"Balancing the Budget on the Backs of the Poor"
Speaker : Mr. McKay
Time : 12/03/2010 12:35:12
Context : Debate
Hon. John McKay (Scarborough—Guildwood, Lib.): Mr. Speaker, you will have noticed through the Olympics, post-Olympics and probably for many months still to come the multi-million dollar advertising budget the government is spending on its action plan. I am holding in my hand a summary of Canada's Economic Action Alan Year 2 published by the Minister of Finance.
This is supposed to be the plan by which Canada returns to a balanced budget. Unfortunately, there are those who look at the numbers as they are provided by the Minister of Finance and his department and beg to differ with the economic action plan of the Government.
The Parliamentary Budget Officer as late as last month said the government's current fiscal structure is not sustainable over the long term. A budget is both simple and complicated at the same time. It deals with revenues, expenditures and the economy. A fairly educated guess is made on what the expenditures are going to be, what the revenues are going to be and what the economy is going to look like over the period of the budget. Frankly, the further time goes on, the less reliable are the figures.
The Parliamentary Budget Officer is highlighting a very important issue, that the government's current fiscal structure is not sustainable over the long term. In simple language, on the basis of the government's projections for the economy, the revenues and the expenditures, all that is going to be happening is in addition to debt. He states:
“...under the current fiscal structure, the Government's debt relative to GDP is projected to increase on a substantial and sustained basis over the long term.”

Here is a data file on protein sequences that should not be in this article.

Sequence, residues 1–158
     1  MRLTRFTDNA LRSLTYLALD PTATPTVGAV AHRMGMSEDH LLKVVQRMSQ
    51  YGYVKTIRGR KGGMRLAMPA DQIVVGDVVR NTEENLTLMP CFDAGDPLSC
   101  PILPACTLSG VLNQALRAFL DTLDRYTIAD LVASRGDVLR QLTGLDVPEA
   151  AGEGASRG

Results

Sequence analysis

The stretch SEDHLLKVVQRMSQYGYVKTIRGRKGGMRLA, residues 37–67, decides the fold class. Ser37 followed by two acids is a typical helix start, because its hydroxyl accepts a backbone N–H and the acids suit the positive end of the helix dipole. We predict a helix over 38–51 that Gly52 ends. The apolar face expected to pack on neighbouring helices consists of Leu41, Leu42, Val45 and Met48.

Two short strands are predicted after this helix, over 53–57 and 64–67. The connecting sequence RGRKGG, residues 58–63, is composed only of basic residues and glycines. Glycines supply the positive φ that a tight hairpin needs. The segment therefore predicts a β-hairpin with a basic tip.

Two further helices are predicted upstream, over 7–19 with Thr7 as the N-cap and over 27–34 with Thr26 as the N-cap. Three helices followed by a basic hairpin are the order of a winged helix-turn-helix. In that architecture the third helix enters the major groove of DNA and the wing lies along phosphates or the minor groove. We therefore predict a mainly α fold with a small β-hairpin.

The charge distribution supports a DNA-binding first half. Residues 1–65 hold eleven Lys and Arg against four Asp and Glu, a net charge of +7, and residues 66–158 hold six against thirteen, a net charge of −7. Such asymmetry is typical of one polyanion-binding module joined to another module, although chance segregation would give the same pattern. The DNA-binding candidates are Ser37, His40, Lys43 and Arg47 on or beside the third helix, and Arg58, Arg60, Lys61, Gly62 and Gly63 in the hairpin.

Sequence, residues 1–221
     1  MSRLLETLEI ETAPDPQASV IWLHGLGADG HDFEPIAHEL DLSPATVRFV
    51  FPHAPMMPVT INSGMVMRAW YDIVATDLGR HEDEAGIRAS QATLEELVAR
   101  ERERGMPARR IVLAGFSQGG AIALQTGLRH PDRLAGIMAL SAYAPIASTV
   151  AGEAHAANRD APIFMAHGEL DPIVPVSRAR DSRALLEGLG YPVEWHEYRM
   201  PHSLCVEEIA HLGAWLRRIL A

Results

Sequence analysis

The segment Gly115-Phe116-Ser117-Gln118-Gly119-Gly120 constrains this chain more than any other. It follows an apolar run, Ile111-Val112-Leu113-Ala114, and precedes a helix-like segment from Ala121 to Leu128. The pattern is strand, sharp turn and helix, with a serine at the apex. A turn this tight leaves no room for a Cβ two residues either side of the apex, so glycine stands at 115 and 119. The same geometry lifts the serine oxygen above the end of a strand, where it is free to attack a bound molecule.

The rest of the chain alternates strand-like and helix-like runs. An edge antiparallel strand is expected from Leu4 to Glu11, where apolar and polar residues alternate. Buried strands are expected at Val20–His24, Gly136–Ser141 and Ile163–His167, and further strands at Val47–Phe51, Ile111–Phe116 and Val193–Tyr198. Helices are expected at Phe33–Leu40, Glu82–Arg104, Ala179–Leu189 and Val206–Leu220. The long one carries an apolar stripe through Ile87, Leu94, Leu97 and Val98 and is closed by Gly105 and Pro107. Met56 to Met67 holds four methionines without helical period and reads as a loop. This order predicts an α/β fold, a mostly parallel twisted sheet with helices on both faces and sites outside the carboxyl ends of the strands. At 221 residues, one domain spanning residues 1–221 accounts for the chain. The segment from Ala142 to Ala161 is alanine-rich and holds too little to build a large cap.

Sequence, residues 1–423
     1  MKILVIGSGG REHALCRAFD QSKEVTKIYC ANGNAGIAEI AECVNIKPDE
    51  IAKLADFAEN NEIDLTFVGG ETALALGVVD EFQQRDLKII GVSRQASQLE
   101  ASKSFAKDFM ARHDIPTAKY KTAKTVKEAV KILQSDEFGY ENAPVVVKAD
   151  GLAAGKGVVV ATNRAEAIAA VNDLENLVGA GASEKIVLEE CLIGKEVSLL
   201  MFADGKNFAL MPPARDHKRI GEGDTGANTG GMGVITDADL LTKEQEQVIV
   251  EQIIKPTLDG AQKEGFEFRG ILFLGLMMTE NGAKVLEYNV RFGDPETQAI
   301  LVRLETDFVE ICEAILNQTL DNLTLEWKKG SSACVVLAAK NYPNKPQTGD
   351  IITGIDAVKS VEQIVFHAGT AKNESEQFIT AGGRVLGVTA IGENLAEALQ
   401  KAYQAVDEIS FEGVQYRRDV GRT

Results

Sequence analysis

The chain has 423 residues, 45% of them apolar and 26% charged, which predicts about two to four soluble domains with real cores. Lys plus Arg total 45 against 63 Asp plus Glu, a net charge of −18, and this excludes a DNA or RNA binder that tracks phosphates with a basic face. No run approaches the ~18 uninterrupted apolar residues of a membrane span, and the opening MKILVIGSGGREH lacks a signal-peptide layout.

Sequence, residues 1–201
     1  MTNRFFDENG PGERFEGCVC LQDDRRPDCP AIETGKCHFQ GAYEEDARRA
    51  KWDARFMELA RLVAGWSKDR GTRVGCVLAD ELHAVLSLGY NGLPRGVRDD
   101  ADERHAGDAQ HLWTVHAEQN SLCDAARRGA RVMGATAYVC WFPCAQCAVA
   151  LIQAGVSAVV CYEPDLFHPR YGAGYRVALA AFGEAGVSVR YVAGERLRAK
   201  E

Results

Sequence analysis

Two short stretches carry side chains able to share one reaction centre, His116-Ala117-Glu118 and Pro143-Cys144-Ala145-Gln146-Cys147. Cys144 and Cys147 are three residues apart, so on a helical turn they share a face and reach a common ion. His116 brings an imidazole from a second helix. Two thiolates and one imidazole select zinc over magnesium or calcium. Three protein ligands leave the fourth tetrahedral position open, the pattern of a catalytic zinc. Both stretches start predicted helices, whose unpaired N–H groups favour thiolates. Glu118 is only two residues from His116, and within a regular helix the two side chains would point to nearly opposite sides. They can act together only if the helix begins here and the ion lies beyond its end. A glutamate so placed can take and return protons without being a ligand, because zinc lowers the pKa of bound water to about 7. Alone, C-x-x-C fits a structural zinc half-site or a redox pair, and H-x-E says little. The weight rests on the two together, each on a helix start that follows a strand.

Simply put, our debt will grow, it will grow in absolute numbers and it will grow relative to our GDP. He goes on to say:
“To close the fiscal gap, permanent fiscal actions—either through increased taxes”
- something the Minister of Finance and the Prime Minister do not want to talk about -
“or reduced program spending,”
- also what they do not want to talk about -
“or some combination of both—amounting to 1.0 and 1.9 per cent of GDP are required under the baseline and alternative scenarios respectively.”
That means that somehow or another some combination of revenues, increased economic growth and reduced expenditures have to amount to 1% or 2% of GDP. We have an economy of $1.3 trillion, so it is $13 billion through to $26 billion. Somewhere or another, we have to find the numbers in order for these numbers to be realistic.
“The fiscal action plan required to achieve sustainability does not need to be taken immediately.”
I agree with that.
“Implementing the necessary measures may be delayed until the economy has fully recovered...”
Again, that is essentially buying into the consensus of all of the economists that at this point it is not appropriate to take measures until the economy has actually recovered. It does speak to the long-term sustainability of this economic action plan and he is calling it into question.
Yesterday, the Minister of Finance took the unprecedented step of essentially trash talking the Parliamentary Budget Officer. The Parliamentary Budget Officer, in my experience, is a pretty responsible individual. He has come before the finance committee on quite a number of occasions and laid out the way he saw the numbers.
In his report, which apparently so upset the Minister of Finance, the first point he makes in the first sentence of his report is as follows: